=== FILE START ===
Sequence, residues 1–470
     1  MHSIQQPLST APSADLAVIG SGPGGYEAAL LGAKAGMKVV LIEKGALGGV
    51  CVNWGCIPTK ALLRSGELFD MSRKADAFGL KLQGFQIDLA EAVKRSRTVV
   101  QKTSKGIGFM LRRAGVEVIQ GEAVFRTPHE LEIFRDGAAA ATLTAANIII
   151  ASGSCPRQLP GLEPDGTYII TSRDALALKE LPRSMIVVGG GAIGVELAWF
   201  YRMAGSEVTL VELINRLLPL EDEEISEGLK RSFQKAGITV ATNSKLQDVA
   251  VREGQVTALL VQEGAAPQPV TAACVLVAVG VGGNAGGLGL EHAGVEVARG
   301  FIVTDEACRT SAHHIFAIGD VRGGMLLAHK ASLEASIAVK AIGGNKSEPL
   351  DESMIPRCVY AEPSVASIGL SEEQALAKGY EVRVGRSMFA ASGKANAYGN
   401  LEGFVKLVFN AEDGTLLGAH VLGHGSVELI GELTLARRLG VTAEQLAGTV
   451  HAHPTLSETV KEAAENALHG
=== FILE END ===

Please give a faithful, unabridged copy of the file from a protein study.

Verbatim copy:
Sequence, residues 1–470
     1  MHSIQQPLST APSADLAVIG SGPGGYEAAL LGAKAGMKVV LIEKGALGGV
    51  CVNWGCIPTK ALLRSGELFD MSRKADAFGL KLQGFQIDLA EAVKRSRTVV
   101  QKTSKGIGFM LRRAGVEVIQ GEAVFRTPHE LEIFRDGAAA ATLTAANIII
   151  ASGSCPRQLP GLEPDGTYII TSRDALALKE LPRSMIVVGG GAIGVELAWF
   201  YRMAGSEVTL VELINRLLPL EDEEISEGLK RSFQKAGITV ATNSKLQDVA
   251  VREGQVTALL VQEGAAPQPV TAACVLVAVG VGGNAGGLGL EHAGVEVARG
   301  FIVTDEACRT SAHHIFAIGD VRGGMLLAHK ASLEASIAVK AIGGNKSEPL
   351  DESMIPRCVY AEPSVASIGL SEEQALAKGY EVRVGRSMFA ASGKANAYGN
   401  LEGFVKLVFN AEDGTLLGAH VLGHGSVELI GELTLARRLG VTAEQLAGTV
   451  HAHPTLSETV KEAAENALHG